Special Commissioner, Transport, K S Ganger said his department will ensure that all GPS devices installed in the public service vehicles are linked to department’s control room.

He, however, said they are yet to set a deadline for themselves. In a bid to provide more security for women travelling alone at night, the DTC installed 200 cameras on its buses last month as part of a pilot project. But the city government’s promise to provide marshals on buses, after the December 16 attack, is still unfulfilled.

A commission appointed by the Union Home Ministry had also analysed problems faced by women who travel late at night in the Capital, relying on public transport. The Justice Usha Mehra Commission had highlighted lack of  adequate public transport facilities and absence of coordination between police and transport department in keeping a check on drivers. It had suggested that the government must bring in more buses and cabs to meet the demand for safer public transport.

Mandatory verification
After the December 5 incident, Delhi government is considering making police verification mandatory for getting a permit or a public service vehicle badge. Till now, furnishing a passport or a character certificate from a gazetted officer was enough to get a permit or badge. However, even this might not help: in the  latest case rape, accused Shiv Kumar Yadav did produce a police verification certificate, but it happened to be fake.

And, the transport department did not check the authenticity of the document  before issuing an all-India permit for his vehicle. Neither did details of Shiv’s past come up for verification when he went for his driver’s licence.

Till some years ago, the public service vehicle badge involved a physical verification by police. This included checking the address provided, besides the antecedents. However, last year, the transport department made it possible for a driver to apply for a badge by furnishing a passport or a character certificate signed by a gazetted officer.

As per rules, every driver of a commercial passenger vehicle must have a public service vehicle badge, besides a commercial licence. The badges are issued at 13 zonal transport offices as well as the regional transport office in north Delhi’s Burari. However, data with police reveals that most drivers don't have a badge.

From January to November, traffic police challaned 37,095 drivers for not possessing a badge. This included 6,439 drivers of taxis, 3,157 of buses, 3,426 of Gramin Sewa, 706 of RTVs, 22,495 of autorickshaws, 838 of call centre cabs and 24 of Phat Phat Sewa. Police say most of the drivers don’t have licence issued from Delhi, and the badge is not issued for drivers with a licence issued outside Delhi.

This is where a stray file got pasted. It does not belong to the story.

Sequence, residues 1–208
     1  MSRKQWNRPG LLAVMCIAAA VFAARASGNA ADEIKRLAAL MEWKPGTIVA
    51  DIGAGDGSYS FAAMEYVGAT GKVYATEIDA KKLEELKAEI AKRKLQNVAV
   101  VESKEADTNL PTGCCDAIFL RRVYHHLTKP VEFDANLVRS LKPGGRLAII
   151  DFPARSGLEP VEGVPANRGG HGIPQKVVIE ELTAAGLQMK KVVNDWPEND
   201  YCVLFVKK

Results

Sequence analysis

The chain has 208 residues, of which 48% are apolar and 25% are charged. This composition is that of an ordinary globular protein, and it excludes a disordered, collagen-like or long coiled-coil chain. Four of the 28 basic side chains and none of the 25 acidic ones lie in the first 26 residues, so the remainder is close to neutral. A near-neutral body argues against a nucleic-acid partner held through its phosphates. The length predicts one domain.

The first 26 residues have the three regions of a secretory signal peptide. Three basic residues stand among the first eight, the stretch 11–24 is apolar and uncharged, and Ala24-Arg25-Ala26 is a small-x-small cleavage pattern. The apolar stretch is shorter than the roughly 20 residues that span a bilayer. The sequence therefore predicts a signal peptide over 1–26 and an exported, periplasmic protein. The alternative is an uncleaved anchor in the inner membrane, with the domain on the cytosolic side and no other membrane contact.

Shiv Kumar Yadav, the alleged rapist, was operating in the city with a driving licence from Uttar Pradesh. His character certificate was purportedly issued from the office of Additional Commissioner of Police (South East). It was issued in May and had the signature of Additional Deputy Commissioner of Police (South East) L T Hrangchal.

Interestingly, Hrangchal was transferred out of Delhi in February 2013.

The address mentioned in Shiv’s character certificate also turned out to be fake. A police team went to the address in south east Delhi’s Ambedkar Nagar and found that all the houses of the three-storey building had been given on rent – and nobody there knew Shiv. Police have arrested an agent from a finance company for allegedly helping Shiv to procure the certificate.

“We have traced a gang operating from Burari and will nab more gangs behind such fake certificates. A crackdown on such gangs will lead to employment of drivers with a clean background,” says Deputy Commissioner of Police (North) Madhur Verma.

“There is a shortage of public transport like DTC buses and cluster buses due to which people are forced to take contract and tourist buses who pick the passengers in violation of their permit conditions and the law,” says Special Commissioner of Police (Law and Order) Deepak Mishra.

He highlights that although Delhi Metro has significantly improved the public transportation system, areas away from the reach of the Metro are a problem. “The DTC bus service becomes irregular after 9 pm due to which commuters have to depend on private buses or autorickshaws. There is not only a need for more DTC buses, but errant auto-drivers who refuse passengers also need to be punished,” Mishra adds.